In the special case of the (discrete) Gaussian free field, the CFT approach can be carried out rigorously and Virasoro representations can be found in the continuum in terms of insertions [Gaw99, KaMa11]. For the Ising model, significant progress towards connecting its correlations with the correlation of the relevant CFTs has been made recently [CHI15, Hon10, HoSm13].
Schramm’s SLEs provide a different route towards a rigorous understanding of conformally invariant scaling limits [Sch00, Sch07]. These random curves describe the scaling limits of cluster interfaces in the lattice models. Moreover, SLE processes are amenable to calculations and SLE techniques have been successfully applied to produce interpretations and rigorous proofs of a number of the conjectures of CFT, see, e.g., the references in [KaMa11]. Studies of more direct and systematic connections between SLE and CFT have been carried out, leading to beautiful results. See, e.g., [BaBe03, DRV06, FrWe03, KaMa11, Kyt07, Dub15b, Dub15c, FlKl15].
Still, the connection between lattice models and CFT remains far from wellunderstood and, it seems fair to say, rather mysterious from a mathematical perspective. Thus it appears of significant interest to advance the mathematical understanding of CFT applied to lattice models. There are many fundamental difficulties, including in particular the correspondence between discrete and continuous quantities, the proofs of conformal invariance, the locality of the limits, and the positivity of the underlying representations, to name a few.
1.2 Exact solvability
In two dimensions, a number of lattice models (see Sect. 1.3 below) are considered exactly solvable in a different sense than CFTs. Typically, exact solvability in this context means that certain latticelevel relations such as the YangBaxter equations are present and this often yields exact formulae for a number of interesting quantities of the models. In fact, this is how most of the exact results about lattice models were derived in the 20th century. See, e.g., [Bax89] and references therein.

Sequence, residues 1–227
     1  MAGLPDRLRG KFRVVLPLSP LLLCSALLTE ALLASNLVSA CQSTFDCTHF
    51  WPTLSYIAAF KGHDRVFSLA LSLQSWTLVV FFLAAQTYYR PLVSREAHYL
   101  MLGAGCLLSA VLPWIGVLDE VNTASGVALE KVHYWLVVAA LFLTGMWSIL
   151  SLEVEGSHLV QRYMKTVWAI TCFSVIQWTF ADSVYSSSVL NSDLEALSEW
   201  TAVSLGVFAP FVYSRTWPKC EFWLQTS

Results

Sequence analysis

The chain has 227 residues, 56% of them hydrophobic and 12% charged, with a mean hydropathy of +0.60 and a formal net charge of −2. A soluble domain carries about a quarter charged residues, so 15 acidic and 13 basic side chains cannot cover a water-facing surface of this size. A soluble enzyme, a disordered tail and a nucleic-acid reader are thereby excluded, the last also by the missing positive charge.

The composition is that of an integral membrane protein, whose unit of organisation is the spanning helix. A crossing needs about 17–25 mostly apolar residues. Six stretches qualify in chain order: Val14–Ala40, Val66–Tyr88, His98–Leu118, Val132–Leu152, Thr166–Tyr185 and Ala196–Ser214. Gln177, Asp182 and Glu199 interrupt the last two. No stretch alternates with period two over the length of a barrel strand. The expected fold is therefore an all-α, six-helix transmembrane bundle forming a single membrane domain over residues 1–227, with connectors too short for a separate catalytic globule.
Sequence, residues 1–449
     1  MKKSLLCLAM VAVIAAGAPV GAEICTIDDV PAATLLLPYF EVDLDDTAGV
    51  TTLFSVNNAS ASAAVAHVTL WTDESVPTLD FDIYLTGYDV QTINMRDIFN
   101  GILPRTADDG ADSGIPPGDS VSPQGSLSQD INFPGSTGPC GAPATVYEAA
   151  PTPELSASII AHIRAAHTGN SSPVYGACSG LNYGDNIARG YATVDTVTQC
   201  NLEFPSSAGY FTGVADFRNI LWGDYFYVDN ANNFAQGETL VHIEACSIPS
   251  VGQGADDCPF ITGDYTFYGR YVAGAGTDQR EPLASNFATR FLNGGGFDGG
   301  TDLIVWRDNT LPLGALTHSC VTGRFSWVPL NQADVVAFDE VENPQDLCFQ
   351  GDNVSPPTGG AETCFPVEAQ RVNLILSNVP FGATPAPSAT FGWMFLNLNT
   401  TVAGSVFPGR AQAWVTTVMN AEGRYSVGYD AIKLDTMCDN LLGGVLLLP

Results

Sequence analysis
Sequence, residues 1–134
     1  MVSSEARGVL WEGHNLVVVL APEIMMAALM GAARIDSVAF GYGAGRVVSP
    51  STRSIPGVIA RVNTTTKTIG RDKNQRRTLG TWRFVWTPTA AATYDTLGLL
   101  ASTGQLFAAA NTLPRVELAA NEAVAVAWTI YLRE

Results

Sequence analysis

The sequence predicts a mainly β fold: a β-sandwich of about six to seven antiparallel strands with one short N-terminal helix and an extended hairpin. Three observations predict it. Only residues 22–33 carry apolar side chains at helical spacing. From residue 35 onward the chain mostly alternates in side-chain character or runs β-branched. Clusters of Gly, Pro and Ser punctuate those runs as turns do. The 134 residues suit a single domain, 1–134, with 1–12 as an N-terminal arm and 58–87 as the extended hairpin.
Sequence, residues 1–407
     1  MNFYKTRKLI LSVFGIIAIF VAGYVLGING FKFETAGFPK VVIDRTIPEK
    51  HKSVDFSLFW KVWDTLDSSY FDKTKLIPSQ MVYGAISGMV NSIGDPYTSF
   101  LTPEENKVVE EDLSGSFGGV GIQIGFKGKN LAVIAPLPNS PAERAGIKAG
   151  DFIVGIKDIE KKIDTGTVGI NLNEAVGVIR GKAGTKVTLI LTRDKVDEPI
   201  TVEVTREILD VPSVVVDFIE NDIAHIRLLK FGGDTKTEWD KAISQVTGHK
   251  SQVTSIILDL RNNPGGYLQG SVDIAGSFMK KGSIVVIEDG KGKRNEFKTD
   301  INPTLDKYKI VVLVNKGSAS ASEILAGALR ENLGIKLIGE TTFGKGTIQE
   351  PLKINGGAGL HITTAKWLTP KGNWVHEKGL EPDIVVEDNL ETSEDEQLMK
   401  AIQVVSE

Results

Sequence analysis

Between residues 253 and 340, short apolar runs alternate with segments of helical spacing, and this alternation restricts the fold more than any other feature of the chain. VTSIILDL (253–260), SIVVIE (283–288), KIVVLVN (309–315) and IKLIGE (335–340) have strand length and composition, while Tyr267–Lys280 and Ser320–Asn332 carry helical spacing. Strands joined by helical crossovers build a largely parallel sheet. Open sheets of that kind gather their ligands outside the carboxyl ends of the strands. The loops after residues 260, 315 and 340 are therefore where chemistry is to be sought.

Recently, discrete solvability has been formulated in terms of discrete holomorphicity. This has enabled the use of discrete complex analysis techniques leading to rigorous proofs of conformal invariance for a number of exactly solvable lattice models and to exact formulae for their limiting correlations, matching the predictions of the relevant CFTs. See, e.g., [Ken00, Ken01, Smi06, Smi10a, CHI15].
Once the lattice solvability has been used to establish conformal invariance, the latter should in principle help reveal the algebraic structures of CFT. Thus it is natural to expect lattice and CFT solvability to be (indirectly) connected via continuous conformally invariant objects such as SLE or the GFF or by the identification of lattice precursors of key CFT objects, see, e.g., [BeHo17, Dub15a, Dub11b, Dub15c, CGS16] for recent progress in this direction.